Get The Prosecutor On Your Side
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Get The Prosecutor On Your Side

My name is Danielle Diaz. One of the things I've learned in life, both inside and outside the courtroom, is that it is important to not see others as your enemy. Even though you may see the prosecutor as your enemy, he or she is just trying to do a job. It may be possible that you can get a prosecutor or the judge to be sympathetic and get him or her on your side. In order to accomplish this, you need to understand the law. I feel that most individuals do not understand the law, which is why I was motivated to create this blog.


Get The Prosecutor On Your Side

3 Steps To Take If You Get Pulled Over For Driving Under The Influence (DUI)

Douglas Thompson

For a police officer to pull you over for a suspected DUI, they must have noted something that shows you might be drunk or impaired. Some signs of driving under the influence include weaving across lanes, braking abruptly, tailgating, and driving above the speed limit. When you get charged with a DUI, the police records can worsen your case and lead to a conviction. Therefore, if you want to fight the charge and avoid harsh penalties, follow the tips below once you get pulled over.

Do Not Incriminate Yourself

Once an officer pulls you over, they will ask a few questions to determine whether you are driving under the influence. Some of these questions are:

  • Have you been drinking alcohol or using drugs?
  • How many drinks have you had?

The law only requires you to identify yourself and provide proof of identity, insurance information, and car license and registration. You don't have to answer questions about whether you have been drinking. Answering these questions may cause you to incriminate yourself. Furthermore, whether you answer or not won't affect your DUI case. Therefore, refuse to answer questions that may be used against you in court.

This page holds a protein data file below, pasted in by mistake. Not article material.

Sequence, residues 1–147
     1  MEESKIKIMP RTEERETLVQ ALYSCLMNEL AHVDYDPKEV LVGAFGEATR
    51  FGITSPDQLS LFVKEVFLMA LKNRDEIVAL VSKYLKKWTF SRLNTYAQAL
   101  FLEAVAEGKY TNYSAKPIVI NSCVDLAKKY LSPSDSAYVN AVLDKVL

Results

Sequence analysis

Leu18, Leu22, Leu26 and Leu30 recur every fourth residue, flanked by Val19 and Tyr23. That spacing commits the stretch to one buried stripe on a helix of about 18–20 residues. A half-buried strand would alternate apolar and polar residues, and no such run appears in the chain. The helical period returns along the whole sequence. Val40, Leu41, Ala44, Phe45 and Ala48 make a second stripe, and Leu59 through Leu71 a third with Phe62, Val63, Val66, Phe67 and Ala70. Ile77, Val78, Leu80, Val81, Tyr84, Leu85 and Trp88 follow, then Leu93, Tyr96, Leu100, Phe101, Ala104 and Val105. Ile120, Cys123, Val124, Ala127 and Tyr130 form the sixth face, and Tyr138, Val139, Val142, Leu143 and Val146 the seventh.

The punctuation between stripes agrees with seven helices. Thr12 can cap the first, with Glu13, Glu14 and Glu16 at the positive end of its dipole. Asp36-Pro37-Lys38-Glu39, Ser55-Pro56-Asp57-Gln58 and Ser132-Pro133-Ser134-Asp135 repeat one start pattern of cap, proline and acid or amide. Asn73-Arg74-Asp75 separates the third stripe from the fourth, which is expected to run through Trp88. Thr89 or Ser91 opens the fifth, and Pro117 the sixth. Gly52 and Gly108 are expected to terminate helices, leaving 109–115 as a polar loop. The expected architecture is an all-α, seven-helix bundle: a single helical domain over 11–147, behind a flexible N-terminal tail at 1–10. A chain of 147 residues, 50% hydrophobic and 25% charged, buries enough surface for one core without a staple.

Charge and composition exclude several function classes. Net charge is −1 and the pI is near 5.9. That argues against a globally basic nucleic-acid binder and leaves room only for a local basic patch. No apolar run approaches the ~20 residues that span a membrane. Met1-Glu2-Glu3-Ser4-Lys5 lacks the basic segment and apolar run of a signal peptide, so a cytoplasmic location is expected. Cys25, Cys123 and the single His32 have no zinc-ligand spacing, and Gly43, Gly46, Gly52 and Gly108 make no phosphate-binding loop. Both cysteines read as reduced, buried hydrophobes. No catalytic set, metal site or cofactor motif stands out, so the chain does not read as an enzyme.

Decide Whether to Take a Field Sobriety Test

You are not legally required to agree to field sobriety tests and breathalyzer tests. These tests can be inaccurate due to the following factors:

  • Individual health: Health issues such as injury, physical disability, eye disease, pregnancy, and medication can affect the results of a field sobriety test or hand-held breathalyzer test.
  • Clothing: Tight clothes, high heels, and flip-flops can affect your movements or hinder balance, causing you to fail a field sobriety test. 
  • Inclement weather: Rain, wind, and snow can affect visibility and balance during a field sobriety test.

Refusing to take a field sobriety test or breathalyzer test automatically gets your license suspended. However, since there are no DUI results to charge you with, your lawyer can fight to discredit the officer's observations and testimony. If you do take the tests, your attorney can still dispute the accuracy of the results based on the above factors.

Note the Details of Your Arrest

The details of your DUI arrest can make or break your case. If there are illegalities in how the officer pulled you over, you can use them to discredit their statement and get out of the DUI charge. For example, in states where the law requires officers to give the Miranda warning, failure to do so can benefit your case. Also, if the officer had no probable cause to stop you, they cannot charge you for DUI. Note the officer's demeanor, including any behavior that may appear as bias-based profiling.

A DUI is a felony charge that can lead to harsh penalties, such as imprisonment. Therefore, if you have been charged with DUI, contact a felony attorney for legal help.